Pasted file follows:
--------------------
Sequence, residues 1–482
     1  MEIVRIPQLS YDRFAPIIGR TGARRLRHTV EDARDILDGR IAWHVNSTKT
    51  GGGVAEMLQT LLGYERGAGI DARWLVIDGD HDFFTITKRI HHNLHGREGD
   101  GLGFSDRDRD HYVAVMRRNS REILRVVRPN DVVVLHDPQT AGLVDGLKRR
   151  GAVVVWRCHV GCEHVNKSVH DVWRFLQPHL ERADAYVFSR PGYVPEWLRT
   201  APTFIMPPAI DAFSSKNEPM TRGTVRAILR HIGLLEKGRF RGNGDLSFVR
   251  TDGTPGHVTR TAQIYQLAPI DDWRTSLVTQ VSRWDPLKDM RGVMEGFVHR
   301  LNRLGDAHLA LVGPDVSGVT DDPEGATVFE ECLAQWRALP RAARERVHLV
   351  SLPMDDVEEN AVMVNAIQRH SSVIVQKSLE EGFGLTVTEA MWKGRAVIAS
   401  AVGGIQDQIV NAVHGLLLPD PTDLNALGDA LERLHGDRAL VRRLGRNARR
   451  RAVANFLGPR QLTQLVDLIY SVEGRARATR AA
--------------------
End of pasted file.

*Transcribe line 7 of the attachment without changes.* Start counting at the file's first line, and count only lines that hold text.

   251  TDGTPGHVTR TAQIYQLAPI DDWRTSLVTQ VSRWDPLKDM RGVMEGFVHR